Yeah, totally, so Kelowna is were you grew up, and it’s kind of like Mars in that it’s cold. What’s the big difference in growing up in Kelowna and where you’re at now? Did you even, like, have sushi growing up?
I had an incredible upbringing. I was raised next to an apple orchard and I went outside everyday, and I think that’s the biggest difference from what I’ve seen now with our culture. I mean I’m not going to get on a tangent, but we’re quite lazy in my opinion. I loved being outdoors. It’s just helped, with that imagination and just being a kid, playing outside for six, seven hours a day. I had a frozen pond in my backyard, I played hockey every day, and then when we moved closer to Vancouver, I was basically living in the forest. It was my backyard. We would go and play war games. I rarely played video games.
Can you say ‘Barsoom’ in a Canadian accent?
What am I saying? ‘Broom’?
No, ‘Barsoom’! I have an Australian accent…
Yeah, I know. I can tell.
Cough, cough. Sorry, can you say ‘Barsoom’ with a Canadian accent.
Ohhh. ‘Barsoooom.’ Shit, there you go.
Pretty good. What was harder: acting against a green screen during the CGI moments of John Carter or pretending to get hit really hard during Friday Night Lights?
Um, I don’t think there’s much pretending in the FNL stuff, so I’ll take the green screen any day of the week.
Really? You were actually hit really hard?
Oh, sure. The guys you see in the football stuff, some are ex-NFLers, some are Arena Football players, and everyone had college experience. These guys were no joke.
But you played hockey. Were you familiar with football when you started FNL?
Yeah, I was very familiar with it. I mean, obviously when you’re playing it almost every day, you get better quick, but I feel I’m pretty athletic, so it wasn’t that crazy of a transition for me.
Did you get lots of bruises?
Oh, to say the least. Yeah, but it was fun. I love playing that part of Riggs when he was on the field.
I loved Tim Riggins. He was the best.
Good. I’ve been working, literally, six years straight without taking a break. I’m forced to take a break right now with press. With all these interviews, you’re forced to look back at what you’ve done or accomplished so far. I think with FNL shutting down, this is the first time really where I’ve felt the love of the show from the fans. Like really, where it’s like, man, they miss it. What Tim Riggins represented to certain people, it’s pretty cool.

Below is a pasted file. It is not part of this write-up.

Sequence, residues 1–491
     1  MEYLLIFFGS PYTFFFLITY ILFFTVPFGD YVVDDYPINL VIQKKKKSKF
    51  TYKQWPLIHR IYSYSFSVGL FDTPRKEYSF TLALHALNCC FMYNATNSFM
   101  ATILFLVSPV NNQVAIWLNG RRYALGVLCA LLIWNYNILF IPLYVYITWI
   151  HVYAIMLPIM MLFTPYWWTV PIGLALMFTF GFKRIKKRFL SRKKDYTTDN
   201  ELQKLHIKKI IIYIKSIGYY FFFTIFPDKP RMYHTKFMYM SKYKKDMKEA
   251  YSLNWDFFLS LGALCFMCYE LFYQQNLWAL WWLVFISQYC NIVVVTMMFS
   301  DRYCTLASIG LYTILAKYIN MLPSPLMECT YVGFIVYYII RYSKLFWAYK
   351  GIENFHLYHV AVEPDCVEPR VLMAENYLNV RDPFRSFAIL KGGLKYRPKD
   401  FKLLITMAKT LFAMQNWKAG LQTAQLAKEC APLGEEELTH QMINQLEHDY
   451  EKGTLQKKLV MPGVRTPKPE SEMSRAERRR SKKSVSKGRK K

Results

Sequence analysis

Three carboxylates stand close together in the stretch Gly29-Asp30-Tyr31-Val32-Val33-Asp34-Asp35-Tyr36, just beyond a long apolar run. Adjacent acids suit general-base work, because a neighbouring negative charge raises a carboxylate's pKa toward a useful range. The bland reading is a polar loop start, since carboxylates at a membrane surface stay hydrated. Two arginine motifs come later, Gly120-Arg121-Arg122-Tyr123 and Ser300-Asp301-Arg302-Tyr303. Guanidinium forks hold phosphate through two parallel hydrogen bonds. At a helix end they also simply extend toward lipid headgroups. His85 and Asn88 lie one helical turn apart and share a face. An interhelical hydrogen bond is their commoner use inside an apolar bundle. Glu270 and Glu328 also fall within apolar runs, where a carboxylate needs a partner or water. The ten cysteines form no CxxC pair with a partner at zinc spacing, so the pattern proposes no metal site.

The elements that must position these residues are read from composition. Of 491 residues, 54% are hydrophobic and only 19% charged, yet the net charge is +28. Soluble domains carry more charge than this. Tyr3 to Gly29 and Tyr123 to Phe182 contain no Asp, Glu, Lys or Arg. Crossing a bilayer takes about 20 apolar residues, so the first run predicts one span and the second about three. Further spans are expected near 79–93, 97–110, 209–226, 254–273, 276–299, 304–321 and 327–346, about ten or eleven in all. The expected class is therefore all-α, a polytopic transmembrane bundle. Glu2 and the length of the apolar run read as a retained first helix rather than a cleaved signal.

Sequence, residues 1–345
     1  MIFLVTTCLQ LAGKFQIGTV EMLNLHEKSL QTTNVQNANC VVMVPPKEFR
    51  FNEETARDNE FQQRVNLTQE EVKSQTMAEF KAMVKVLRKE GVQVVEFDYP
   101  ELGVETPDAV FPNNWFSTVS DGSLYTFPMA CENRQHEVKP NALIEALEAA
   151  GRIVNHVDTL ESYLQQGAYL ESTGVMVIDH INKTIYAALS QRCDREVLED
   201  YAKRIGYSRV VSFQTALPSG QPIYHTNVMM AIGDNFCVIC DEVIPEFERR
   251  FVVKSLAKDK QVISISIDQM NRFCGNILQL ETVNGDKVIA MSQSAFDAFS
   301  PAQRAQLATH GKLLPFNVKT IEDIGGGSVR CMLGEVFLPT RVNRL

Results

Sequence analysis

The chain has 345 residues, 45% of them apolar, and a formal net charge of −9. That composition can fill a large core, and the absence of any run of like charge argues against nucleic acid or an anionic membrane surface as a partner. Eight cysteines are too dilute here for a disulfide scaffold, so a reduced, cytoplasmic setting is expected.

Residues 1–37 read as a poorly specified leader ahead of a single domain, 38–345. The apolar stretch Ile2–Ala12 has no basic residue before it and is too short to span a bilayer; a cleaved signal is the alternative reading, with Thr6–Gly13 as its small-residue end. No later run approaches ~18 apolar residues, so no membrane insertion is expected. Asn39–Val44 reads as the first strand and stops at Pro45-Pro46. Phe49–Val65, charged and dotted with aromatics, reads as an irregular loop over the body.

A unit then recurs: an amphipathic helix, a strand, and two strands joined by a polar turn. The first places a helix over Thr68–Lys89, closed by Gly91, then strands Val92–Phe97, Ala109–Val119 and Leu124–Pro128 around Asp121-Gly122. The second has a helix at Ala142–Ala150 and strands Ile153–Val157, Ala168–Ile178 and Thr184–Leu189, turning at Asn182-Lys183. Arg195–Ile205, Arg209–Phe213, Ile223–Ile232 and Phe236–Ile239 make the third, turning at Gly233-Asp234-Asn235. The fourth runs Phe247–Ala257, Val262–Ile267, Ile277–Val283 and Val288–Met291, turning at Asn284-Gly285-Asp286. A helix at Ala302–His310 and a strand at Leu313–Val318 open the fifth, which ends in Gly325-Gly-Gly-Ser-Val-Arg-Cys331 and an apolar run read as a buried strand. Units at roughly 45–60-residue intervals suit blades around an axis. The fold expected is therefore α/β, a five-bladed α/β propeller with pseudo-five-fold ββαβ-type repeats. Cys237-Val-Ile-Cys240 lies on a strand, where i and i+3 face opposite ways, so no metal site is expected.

You’ve lived in Texas since the show, right?
Yeah, I live in Austin. I’m building a home right now on the lake.
How come you decided to forego L.A. like so many of your colleagues?
I’m not a fan of Los Angeles. I like to stay out of the mix. It’s the best thing for me, personally. It keeps me creative, keeps me around people who don’t give a shit who you are. I think that’s very important especially with what we have coming up this year. None of my friends in Austin are actors. It can be quite refreshing. You go, any day of the week, to a music venue, and you are watching other people that are living for their work as well, and I love that—it’s great.
I’ve never been to Texas.
You got to go to Austin, I’m telling you. It’s probably the most infectious town that I’ve ever been to. People never want to leave when they go. It’s like no other city in Texas; it’s very liberal, it’s the self-proclaimed live music capital of the world. It’s got an incredible tone to it.